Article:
group's financial losses. The activity group now has major initiatives
underway that it expects will result in even higher savings, equal to an
average annual amount of $347 million, about $2.8 billion from fiscal years
2000 through 2007. The Air Force has recently acted to better estimate
savings by involving the air logistics centers- which are to achieve the
savings- in the estimation process. Because of the magnitude of these
savings, it is important that the Air Force accurately determine the amount
of actual savings achieved each year so that it can effectively adjust the
activity group's subsequent years' budgets and prices. However, the Air
Force does not have the systems and processes in place necessary to do so.

We are making recommendations to the Secretary of the Air Force to improve
the depot maintenance activity group's (1) budget estimates and (2)
management of material costs and usage. In its comments on a draft of this
report, the Air Force concurred with our recommendations and identified
actions it was taking to correct the identified deficiencies. For example,
the Air Force plans to require an analysis of material usage as a matter of
policy and develop material management metrics that will allow Air Force
depot maintenance officials to monitor and determine causes of material cost
variances. The Department of Defense's comments are included in appendix I.

Background The Air Force depot maintenance activity group is part of the Air
Force Working Capital Fund, a revolving fund that relies on sales revenue
rather

than direct congressional appropriations to finance its operations.
Department of Defense (DOD) policy requires working capital fund activity
groups to (1) establish sales prices that allow them to recover their
expected costs from their customers and (2) operate on a break- even basis
over time- that is, not make a profit nor incur a loss. DOD policy also
requires the activity groups to establish their sales prices prior to the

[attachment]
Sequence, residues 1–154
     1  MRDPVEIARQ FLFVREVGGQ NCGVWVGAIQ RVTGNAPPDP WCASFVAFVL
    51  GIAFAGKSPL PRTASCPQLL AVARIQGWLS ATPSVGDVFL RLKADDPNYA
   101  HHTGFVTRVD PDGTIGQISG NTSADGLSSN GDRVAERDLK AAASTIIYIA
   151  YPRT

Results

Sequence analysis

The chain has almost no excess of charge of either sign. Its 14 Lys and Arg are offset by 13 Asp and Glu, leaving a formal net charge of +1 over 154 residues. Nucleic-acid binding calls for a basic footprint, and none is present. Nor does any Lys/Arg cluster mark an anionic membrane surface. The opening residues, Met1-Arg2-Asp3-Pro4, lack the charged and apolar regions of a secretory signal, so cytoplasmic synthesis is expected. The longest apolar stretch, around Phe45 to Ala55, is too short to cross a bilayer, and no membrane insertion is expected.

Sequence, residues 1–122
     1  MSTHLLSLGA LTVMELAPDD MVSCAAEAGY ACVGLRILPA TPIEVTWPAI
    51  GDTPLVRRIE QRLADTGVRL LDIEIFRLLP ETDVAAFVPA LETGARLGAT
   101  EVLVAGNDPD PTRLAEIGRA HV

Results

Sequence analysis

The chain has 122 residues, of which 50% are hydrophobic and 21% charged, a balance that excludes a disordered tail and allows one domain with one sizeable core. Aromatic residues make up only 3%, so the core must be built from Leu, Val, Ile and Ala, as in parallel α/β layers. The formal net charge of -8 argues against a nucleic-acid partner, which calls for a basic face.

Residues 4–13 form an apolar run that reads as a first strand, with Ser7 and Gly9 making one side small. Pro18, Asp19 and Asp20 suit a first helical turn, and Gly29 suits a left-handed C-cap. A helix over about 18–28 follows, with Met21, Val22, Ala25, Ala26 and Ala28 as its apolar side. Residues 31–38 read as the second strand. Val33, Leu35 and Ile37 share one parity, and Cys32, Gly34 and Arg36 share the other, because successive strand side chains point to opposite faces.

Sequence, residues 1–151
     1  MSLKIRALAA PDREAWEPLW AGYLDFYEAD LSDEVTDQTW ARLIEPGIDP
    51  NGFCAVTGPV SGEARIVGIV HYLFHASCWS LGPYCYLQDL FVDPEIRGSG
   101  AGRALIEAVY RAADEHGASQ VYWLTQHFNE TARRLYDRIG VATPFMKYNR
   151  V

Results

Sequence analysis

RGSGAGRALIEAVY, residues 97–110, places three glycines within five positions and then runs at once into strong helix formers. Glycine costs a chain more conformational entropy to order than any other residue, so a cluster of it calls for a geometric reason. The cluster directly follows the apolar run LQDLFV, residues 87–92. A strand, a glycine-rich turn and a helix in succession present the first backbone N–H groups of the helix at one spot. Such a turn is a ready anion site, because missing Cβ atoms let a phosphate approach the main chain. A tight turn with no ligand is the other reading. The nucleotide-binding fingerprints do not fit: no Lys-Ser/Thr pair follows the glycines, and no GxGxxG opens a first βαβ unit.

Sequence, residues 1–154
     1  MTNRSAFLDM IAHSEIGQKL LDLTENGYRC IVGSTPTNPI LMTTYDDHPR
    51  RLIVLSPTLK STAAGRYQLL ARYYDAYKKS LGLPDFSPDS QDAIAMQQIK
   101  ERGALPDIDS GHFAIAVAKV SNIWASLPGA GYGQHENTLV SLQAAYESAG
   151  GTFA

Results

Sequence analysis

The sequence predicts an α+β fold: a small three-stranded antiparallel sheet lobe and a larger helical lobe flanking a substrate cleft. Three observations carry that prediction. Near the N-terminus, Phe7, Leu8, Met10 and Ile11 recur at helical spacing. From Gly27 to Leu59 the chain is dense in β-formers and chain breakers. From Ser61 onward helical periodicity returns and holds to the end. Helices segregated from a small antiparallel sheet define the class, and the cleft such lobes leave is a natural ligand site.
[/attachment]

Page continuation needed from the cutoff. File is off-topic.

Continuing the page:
start of each fiscal year and to apply these predetermined or
“stabilized” prices

to most orders received during the year- regardless of when the work is
actually accomplished or what costs are actually incurred.

The process that activity groups use to develop their stabilized prices
begins as early as 2 years before the prices go into effect, with each
activity group developing workload projections for the budget year. After an
activity group estimates its workload based on customer input, it (1) uses
productivity projections to estimate how many people it will need to
accomplish the work, (2) prepares a budget that identifies the labor,
material, and other expected costs, as well as projected cost savings, and
(3) develops sales prices that, when applied to the projected workload,
should allow it to recover operating costs from its customers.

In order for an activity group to operate on a break- even basis, it is
extremely important that the activity group accurately estimate the work it
will perform and the costs of performing the work. Higher- than- expected
costs or lower- than- expected customer demand for goods and services can
cause activity groups to incur losses. Conversely, lower- than- expected
costs or higher- than- expected customer demand for goods and services can
result in profits. However, with sales prices based on assumptions that are
made as long as 2 years before the prices go into effect, some variance
between expected and actual costs is inevitable.

Major Changes Affecting the As discussed in our December 1999 report, the
depot maintenance activity

Activity Group's Operations group has undergone major changes since the
early 1990s that have

affected the activity group's financial operations. More specifically, as
discussed below, these changes significantly affected the scope and mix of
workload to be performed by the depot maintenance activity group and the
productivity of its workforce.

In response to the declining force structure and the increasing amount of
work that is being contracted out, the Air Force reduced the number of
activity group employees from about 31,000 permanent employees at the end of
fiscal year 1991 to about 21,000 at the end of fiscal year 1999- about a 32-
percent reduction. This reduction of employees affected the experience and
skills of workers. From fiscal year 1993 through fiscal year 1997, the Air
Force converted

its existing three- level depot maintenance operations (organization,
intermediate, and depot) to two levels (organization and depot) for selected
avionics and engine items. This resulted in more engine work being performed
by the depot maintenance activity group. Since the

engine work was very material intensive, the average material cost per hour
charged by the activity group and the average customer price per hour both
increased. From fiscal year 1995 to the present, the Air Force has been in
the

process of closing two air logistics centers and transferring their work to
other sources of repair. For example, during fiscal years 1998 and 1999,